It’s 2023 and CB radio is not dead!
CB isn’t amateur radio, obviously, but I feel that it deserves a mention. Whether we’re talking about the pirate ships in the North Sea, 6.6 megs Echo Charlie, clandestine radio stations from certain countries, CB radio… As far as I’m concerned, it’s all radio. Long gone are the so-called bucket mouths and the music. Now, you can enjoy sensible conversations and even make new friends on the mostly-quiet legal FM channels. As we approach the sunspot maximum, predicted in 2025, propagation is really beginning to open up the 11 metre band. More about the sunspot maximum here. So, it might be worth dragging your old CB radio out and firing it up. The UK now has 80 channels so there’s plenty of room for everyone.
The 11 Metre Citizens’ band:
The 11 metre band now appears, unofficially, to cover anything from 25 to 28MHz. Warning: It is illegal to use frequencies and modes not specified for use in your country by licensing authorities. Here is a very useful document from Ofcom concerning CB spectrum use, information and operation in the UK. Although SSB, FM, AM and various digital modes are used world wide on frequencies between 25 and 28MHz, I strongly suggest you stick to the legal channels in your country.
26.285MHz and 27.555MHz:
These are SSB calling frequencies which, by the way, are illegal to use in the U.K. The most popular world wide calling frequency is 27.555MHz. However, 26.285MHz is preferred by some as it’s so much quieter.
The Superbowl on 27.025MHz AM:
The Superbowl is a gathering of friendly competitors trying to come out on top by running massive power. It’s fascinating, and annoying, to listen to!
The 11 Metre broadcast band:
There is a short wave broadcast band covering 25.670 to 26.100MHz. Unfortunately, there is very little broadcast activity on this band, if any. I’ve listened to the band many times and heard nothing but, it is still officially a world wide broadcast band.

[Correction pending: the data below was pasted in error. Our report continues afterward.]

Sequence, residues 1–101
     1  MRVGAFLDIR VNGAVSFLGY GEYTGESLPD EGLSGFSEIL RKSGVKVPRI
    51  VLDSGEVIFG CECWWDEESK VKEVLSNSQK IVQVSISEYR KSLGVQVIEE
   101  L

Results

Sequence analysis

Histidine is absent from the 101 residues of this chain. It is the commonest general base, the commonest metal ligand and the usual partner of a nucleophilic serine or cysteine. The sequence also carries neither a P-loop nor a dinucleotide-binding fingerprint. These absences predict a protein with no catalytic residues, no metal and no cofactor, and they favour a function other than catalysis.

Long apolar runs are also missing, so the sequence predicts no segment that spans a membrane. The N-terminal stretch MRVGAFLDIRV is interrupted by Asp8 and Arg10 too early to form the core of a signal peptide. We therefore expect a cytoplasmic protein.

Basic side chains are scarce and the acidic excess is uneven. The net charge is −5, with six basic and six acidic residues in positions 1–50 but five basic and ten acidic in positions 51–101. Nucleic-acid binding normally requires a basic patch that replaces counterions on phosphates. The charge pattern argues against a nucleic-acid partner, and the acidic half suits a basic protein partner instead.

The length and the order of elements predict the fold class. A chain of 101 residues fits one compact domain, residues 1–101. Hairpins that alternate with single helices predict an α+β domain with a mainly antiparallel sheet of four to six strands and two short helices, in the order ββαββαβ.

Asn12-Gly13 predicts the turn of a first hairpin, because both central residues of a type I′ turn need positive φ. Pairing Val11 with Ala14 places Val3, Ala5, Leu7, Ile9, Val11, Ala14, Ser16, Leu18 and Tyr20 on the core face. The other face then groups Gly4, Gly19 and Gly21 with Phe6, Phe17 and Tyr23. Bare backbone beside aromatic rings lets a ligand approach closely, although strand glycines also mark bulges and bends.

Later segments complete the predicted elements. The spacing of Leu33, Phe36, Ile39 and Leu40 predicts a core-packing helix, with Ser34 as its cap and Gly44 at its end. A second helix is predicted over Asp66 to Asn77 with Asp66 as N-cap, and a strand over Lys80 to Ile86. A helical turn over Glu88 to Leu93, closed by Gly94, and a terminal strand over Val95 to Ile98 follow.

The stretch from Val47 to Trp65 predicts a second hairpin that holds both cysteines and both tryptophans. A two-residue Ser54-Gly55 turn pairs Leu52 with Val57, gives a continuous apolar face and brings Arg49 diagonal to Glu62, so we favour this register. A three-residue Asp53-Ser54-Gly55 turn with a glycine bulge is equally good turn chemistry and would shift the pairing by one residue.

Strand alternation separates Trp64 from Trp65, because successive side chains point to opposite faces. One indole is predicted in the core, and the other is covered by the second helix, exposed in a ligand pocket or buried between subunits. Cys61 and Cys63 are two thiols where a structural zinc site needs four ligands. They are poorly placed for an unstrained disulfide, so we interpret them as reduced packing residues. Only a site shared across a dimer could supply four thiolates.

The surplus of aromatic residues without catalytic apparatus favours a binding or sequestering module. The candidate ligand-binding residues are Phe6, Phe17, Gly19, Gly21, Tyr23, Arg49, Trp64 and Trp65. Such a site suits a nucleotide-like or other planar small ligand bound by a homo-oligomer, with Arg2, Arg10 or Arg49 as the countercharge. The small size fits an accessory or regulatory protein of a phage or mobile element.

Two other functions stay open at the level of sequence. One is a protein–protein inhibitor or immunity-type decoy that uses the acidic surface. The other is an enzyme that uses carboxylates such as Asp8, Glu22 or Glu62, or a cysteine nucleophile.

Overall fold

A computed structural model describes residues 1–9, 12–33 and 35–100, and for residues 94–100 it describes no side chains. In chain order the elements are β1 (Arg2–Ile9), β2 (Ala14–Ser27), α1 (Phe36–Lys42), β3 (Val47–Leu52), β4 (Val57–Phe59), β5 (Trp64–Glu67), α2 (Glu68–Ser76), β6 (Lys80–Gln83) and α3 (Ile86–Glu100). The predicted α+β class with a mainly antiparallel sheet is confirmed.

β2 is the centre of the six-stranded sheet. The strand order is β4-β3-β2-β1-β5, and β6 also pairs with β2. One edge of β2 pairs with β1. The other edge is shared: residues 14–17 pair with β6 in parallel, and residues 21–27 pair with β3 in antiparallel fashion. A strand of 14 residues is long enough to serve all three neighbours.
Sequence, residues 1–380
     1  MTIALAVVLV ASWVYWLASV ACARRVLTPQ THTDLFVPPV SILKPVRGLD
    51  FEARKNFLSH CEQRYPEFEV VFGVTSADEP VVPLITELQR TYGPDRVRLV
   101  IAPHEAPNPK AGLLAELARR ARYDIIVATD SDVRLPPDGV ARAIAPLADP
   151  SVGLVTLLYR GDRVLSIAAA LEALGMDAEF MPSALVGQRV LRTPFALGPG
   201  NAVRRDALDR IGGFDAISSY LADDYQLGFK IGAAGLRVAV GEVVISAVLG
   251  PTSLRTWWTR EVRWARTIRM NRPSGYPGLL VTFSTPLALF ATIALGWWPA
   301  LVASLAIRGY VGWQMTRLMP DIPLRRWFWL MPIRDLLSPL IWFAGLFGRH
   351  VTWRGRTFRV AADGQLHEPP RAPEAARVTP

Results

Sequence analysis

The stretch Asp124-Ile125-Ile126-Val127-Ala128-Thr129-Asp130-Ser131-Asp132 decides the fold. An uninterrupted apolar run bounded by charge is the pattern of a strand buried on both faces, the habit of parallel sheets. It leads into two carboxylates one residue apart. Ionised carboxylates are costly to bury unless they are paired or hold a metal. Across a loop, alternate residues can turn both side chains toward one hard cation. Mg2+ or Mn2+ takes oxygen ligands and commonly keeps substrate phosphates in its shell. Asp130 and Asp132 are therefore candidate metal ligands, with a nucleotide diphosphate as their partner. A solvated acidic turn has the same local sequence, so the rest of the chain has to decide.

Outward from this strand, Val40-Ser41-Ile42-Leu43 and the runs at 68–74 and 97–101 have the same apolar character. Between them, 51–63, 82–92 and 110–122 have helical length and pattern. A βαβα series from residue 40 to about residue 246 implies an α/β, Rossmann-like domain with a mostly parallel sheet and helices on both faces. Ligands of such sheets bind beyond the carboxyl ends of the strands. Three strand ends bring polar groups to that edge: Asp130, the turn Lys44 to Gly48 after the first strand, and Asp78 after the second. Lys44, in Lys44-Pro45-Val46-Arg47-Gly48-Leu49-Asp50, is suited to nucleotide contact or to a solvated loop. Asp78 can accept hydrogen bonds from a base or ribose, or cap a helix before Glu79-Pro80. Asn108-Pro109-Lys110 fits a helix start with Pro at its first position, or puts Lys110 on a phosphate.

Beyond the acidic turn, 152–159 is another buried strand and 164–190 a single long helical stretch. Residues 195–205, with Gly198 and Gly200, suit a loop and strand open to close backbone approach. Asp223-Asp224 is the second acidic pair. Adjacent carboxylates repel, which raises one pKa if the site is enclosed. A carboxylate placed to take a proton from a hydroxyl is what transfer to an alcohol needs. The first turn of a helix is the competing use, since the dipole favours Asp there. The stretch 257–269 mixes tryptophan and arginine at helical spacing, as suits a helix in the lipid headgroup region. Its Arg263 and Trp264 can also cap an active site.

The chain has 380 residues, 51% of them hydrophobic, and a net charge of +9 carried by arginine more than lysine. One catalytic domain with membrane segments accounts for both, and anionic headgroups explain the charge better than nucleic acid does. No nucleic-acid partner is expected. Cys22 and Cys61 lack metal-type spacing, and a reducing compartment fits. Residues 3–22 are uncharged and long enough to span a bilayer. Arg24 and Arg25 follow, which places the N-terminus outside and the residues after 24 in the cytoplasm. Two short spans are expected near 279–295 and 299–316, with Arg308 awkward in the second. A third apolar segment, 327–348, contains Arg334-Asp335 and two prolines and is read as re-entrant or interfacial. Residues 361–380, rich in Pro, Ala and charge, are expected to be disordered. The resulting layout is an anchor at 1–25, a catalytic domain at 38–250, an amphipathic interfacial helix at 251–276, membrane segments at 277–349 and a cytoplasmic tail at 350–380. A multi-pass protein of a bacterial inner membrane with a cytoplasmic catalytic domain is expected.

11 metre nets?
I monitor 27.815MHz which is channel 19 on band D known as the ‘mids’. I’m not aware of any nets in my area. Are there any in West Sussex? If you know of a net, please let me know.
The President Ronald:
I have a President Ronald 10/12 metre FM AM radio which, when opened up, as mine has been, covers 24.700 to 30.100 MHz. That’s all CB channels plus the 10 and 12 meter amateur bands. On FM, the RF output is a healthy 35 Watts (*note1).
Just found this is the loft. It’s a Cybernet Beta 2000 strapped to a Ham International LA60 linear amplifier. I’ve tested it, on a dummy load, obviously, and it works! I’ve had a listen around the channels and the receiver is lively enough.
The Anytone AT5555 transceiver:
This is a lovely rig covering the 10 and 12 metre amateur bands. The frequency coverage is approximately 24.890 to 29.700MHz. Transmit power: AM : 12 Watts, FM 30 Watts, SSB 30 Watts PEP. Modes: AM/FM/LSB/USB. Frequency steps: 100Hz/1kHz/10kHz/100kHz/1MHz.
CRT-SS9900 Superstar 9900 radio:
This is a fantastic little transceiver. All modes, AM FM SSB, covering the 10 and 12 metre amateur bands as well as all 11 metre frequencies in between. I’m thinking about putting this one in my car.
What are mids, lows and highs: